One of the last things you'd expect with stuffy politicians facing off in the first Republican Presidential Primary Debate is a discussion on the controversial subject of UFOs, or unidentified anomalous phenomena as they're now known, but that's exactly what happened last night.
The awkward moment in the debate in Milwaukee, Wisconsin on Wednesday night (Aug. 23) featuring eight potential presidential candidates came when moderator Martha MacCallum took aim at former New Jersey Governor Chris Christie to ask his opinion about a president's responsibility to provide the American public with the truth about the UFO topic.
"I get the UFO question?" Christie responded with a smile. Christie was a good sport about the unexpected topic that was specifically lobbed at him, being queried on his own thoughts regarding transparency with the country concerning unidentified anomalous phenomena (UAP) in the wake of intriguing congressional hearings on the subject this past July.
"The job of the president of the United States is to level with the American people about everything. The job of the president of the United States is to stand for truth," Christie replied.
"Especially coming from a woman from New Jersey, I think it's horrible that just because I'm from New Jersey, you asked me about unidentified flying objects and Martians. We're different but we're not that different."
This New Jersey connection is in reference to Orson Welles' infamous Mercury Theatre radio broadcast of H.G. Wells' "War of the Worlds" back on October 30, 1938 when a panicking public believed that hostile Martian tripod machines were actually rampaging around the countryside near Grovers Mill, New Jersey.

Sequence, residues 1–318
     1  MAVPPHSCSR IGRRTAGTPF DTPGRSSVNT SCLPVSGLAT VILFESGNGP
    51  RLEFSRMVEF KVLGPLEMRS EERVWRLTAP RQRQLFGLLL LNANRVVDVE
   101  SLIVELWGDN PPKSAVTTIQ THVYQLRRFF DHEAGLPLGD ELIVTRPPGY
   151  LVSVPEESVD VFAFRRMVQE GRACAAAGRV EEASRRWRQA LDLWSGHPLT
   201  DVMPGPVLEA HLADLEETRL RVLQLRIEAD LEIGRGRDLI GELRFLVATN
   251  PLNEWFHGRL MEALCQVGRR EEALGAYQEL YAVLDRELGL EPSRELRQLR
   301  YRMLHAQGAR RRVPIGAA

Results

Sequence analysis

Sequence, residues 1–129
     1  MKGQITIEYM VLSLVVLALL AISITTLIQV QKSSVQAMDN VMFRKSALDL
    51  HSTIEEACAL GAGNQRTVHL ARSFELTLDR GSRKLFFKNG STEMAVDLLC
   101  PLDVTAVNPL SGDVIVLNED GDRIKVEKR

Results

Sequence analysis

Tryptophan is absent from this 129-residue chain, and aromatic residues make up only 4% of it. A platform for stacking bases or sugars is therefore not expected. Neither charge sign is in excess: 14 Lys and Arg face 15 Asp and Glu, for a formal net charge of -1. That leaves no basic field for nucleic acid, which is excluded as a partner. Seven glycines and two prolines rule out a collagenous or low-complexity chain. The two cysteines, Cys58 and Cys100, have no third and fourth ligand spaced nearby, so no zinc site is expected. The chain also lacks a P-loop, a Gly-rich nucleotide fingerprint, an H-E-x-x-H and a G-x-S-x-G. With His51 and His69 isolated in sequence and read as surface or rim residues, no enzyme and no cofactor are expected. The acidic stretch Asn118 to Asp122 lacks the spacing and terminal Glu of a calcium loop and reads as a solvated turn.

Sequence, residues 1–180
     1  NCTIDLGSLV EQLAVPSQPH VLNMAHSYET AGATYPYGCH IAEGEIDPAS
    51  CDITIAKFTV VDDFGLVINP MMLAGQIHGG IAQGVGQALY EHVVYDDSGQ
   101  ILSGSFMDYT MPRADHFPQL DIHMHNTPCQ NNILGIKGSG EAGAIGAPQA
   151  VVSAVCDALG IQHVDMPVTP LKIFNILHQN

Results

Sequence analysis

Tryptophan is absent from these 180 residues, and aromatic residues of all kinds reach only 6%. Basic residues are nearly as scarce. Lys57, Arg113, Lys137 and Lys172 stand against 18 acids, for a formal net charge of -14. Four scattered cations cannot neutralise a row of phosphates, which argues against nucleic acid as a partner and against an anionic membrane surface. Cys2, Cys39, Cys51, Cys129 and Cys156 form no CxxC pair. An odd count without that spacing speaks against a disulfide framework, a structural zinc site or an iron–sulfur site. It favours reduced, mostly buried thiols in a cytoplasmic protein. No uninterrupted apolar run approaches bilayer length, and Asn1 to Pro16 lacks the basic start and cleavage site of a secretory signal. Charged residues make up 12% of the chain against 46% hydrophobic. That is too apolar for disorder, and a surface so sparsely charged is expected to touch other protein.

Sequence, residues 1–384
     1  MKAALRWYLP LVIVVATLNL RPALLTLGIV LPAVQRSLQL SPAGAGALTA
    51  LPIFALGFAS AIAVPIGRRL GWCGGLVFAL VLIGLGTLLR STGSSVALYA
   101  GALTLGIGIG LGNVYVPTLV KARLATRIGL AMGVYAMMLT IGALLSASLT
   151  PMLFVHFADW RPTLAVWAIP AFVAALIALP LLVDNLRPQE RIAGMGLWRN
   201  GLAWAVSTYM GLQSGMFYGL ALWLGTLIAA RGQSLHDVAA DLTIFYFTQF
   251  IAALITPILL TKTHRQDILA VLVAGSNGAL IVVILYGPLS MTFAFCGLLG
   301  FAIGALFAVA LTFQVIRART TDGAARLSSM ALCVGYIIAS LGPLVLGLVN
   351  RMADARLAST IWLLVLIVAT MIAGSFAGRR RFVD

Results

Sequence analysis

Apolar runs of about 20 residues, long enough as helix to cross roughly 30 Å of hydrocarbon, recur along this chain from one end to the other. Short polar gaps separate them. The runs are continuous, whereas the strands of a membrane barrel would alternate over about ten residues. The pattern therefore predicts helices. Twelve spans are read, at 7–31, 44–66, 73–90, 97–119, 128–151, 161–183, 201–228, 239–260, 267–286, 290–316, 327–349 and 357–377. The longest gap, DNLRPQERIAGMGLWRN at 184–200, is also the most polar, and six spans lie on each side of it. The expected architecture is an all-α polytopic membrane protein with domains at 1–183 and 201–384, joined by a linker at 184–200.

The subject of UFOs or UAP has taken center stage in Washington, D.C. recently as federal agencies and even the Department of Defense have begun making public statements that seem to indicate pilots and other military personnel have been encountering anomalous objects that display advanced capabilities with increasing frequency.
The Department of Defense (DOD) even created an office known as the All-domain Anomaly Resolution Office (AARO) in order to detect and identify UAP in American airspace.
Despite cataloging hundreds of reports, the head of the office told members of the United States Senate Committee on Armed Services in April 2023 that AARO "has found no credible evidence thus far of extraterrestrial activity, off-world technology or objects that defy the known laws of physics."
Then, in July, a U.S. military and intelligence community veteran told a Congressional subcommittee that the American government is hiding a "multi-decade UAP crash retrieval and reverse-engineering program" and is in possession of "non-human spacecraft."